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My Life at Sea

By Robert Matano  (Kenya)


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For nine months, I have been marooned in the Indian
Ocean, monitoring the sounds of whales. I am
accustomed to hearing the soft whir of the wind as it
seeps in through the cabin’s windows accompanied by a
short throbbing sound; but today when I opened my eyes,
this morning I heard a loud beeping noise, somewhat
familiar, yet different from before, more urgent.
Running my hand through my short, curly hair, I
decided I’d better get up.

It must be the same whales, I figure. After getting
up, I stretch my arms and legs to relieve the tension
in my lower back, and a tiny wave rocks me from side
to side. First things first, I peruse around the boat
as I checked the anchor for safety. It is secure as
ever. Immediately afterwards, I enter the small
kitchen, make a fresh cup of tea to start my morning
off right.

The tiny waves are now hitting and rocking the boat
harder. There must be a storm brewing somewhere, I
sighed. I almost choke on my tea as the rocking
increased and I pondered, ‘Something isn’t right!’

One of the two whales is now closer to the surface and
I can almost sense it touching the underside of my
boat. Is it the one causing the ripples?

The sonar stopped blinking and so did the rocking and I
settled myself into my favorite position on the deck—
legs, folded together like a monk deep in meditation
or, like a Moslem having his meal on a rug on the
floor— and I continue sipping at my tea.
A soft breeze washed over my face in languorous curls
and I felt a suctioning effect from under and above
me. Accompanying it is a soft hum and a buzz, I
turned my head this way and that, and I raised the
frequency of my ear a notch higher as the buzzing
increased and I stood up. The sounds now came to me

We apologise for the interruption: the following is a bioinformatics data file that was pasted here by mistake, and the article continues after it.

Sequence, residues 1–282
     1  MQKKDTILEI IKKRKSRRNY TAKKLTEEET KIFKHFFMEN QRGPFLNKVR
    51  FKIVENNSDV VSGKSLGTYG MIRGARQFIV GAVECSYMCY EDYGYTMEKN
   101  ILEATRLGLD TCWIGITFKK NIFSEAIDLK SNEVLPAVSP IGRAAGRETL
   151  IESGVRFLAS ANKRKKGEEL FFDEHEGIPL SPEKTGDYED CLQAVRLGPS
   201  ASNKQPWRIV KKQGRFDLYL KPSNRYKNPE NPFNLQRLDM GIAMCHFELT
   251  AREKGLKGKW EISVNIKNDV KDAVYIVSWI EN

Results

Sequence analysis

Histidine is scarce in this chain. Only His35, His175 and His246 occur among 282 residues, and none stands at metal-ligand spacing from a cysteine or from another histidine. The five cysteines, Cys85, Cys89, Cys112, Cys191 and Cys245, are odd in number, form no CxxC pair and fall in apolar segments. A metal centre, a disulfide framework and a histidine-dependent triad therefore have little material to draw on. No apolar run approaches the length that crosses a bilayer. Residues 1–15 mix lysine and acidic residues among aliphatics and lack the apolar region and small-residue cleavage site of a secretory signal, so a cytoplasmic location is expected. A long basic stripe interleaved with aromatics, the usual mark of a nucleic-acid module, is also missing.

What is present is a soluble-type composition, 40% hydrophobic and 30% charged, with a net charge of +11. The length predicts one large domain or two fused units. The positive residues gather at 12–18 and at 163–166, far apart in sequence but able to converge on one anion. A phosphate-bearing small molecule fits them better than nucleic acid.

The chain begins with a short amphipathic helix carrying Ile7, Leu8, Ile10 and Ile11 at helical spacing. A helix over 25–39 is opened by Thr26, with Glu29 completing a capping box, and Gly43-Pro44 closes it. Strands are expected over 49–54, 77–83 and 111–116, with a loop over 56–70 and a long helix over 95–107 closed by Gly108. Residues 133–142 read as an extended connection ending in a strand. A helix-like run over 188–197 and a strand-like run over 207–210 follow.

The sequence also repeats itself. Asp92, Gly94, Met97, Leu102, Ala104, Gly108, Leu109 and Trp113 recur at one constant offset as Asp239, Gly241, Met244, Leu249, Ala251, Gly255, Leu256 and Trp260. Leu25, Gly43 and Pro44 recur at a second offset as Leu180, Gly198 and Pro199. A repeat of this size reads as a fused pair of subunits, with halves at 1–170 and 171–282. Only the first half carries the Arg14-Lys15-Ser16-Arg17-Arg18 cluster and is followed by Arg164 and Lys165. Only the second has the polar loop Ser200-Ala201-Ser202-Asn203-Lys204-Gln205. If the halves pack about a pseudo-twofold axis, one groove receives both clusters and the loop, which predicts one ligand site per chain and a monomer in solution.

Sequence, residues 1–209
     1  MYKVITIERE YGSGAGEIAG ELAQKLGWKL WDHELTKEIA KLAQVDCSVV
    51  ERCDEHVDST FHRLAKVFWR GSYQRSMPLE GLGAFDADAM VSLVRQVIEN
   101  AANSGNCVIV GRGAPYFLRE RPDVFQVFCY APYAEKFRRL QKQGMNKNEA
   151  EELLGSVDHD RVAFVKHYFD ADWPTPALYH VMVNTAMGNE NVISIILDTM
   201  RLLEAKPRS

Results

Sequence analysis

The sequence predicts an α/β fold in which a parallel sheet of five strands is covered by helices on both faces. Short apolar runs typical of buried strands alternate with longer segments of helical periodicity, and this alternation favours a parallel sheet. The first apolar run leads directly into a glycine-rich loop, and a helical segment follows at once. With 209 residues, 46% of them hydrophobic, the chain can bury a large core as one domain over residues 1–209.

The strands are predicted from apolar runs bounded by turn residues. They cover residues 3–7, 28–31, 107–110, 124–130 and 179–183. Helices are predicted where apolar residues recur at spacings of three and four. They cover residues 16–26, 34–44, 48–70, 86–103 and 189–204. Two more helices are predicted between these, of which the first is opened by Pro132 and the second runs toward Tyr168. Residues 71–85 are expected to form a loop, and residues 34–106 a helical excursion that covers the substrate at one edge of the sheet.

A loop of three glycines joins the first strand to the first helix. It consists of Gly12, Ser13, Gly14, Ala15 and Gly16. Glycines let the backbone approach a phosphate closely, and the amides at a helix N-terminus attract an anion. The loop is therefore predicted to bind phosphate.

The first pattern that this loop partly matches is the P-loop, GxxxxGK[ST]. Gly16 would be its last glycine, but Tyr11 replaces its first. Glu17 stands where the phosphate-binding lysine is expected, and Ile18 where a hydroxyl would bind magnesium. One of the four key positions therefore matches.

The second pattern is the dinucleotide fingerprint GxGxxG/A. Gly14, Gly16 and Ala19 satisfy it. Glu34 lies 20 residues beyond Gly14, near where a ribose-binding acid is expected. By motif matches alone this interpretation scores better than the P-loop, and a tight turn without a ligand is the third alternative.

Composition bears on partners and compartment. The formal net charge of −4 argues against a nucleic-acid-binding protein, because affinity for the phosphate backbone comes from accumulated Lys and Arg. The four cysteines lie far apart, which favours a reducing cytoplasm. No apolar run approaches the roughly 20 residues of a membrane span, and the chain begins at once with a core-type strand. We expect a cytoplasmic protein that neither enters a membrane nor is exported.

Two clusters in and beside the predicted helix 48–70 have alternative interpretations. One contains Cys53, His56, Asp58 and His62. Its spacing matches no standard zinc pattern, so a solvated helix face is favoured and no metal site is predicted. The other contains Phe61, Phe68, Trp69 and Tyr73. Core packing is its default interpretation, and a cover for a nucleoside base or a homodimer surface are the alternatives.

in a dull, echoing rumble and the sonar now blinked
long and hard.

I am roused by a heavy jolt. The side of my boat has
been hit by something and I now moved to the centre of
it. I can feel the adrenaline pumping through my
veins as fear encompassed me like a dark veil and I
whimpered. My small whines increased into a loud cry as
the bumping and movements increased, but none can hear

For the past few days I have been feeling these
strange bumps around me, an increasing pressure
surrounding my head and hot air coming to me in small
hugs. Today the hugs are coming more frequently and
growing stronger. Suddenly, a strong pressure from
under me bowls me over and I am blown out into sea and
into the cold atmosphere with a popping sound and I let
out a wail as my arms and legs began flailing, and my anchor
rope was cut loose.

My distress is short lived as I land on a warm, soft
surface gently rising and falling beneath me.

“It’s a girl, Mrs. Mboya, A beautiful baby girl.” A
soft voice says.

“So I’m a girl!” I exclaimed inwardly and I let out a
wail as I felt a pinch behind my left thigh and I
struggled to open my eyes to no avail. Some strange
voices were now saying. ‘Congratulations Mr. and Mrs.

“she looks just like you Mr. Mboya.”

The familiar whale’s softer voice now whispers close
to my face, ‘Shhh baby, welcome to the world.’ And I
feel her lips on my forehead.

She now hugs me closer to her chest and rocks me
gently. My wails are short lived as something warm,
soft and round touches my lips and I begin to suck on
it, now enjoying the sweet soothing sensation going
down my throat.



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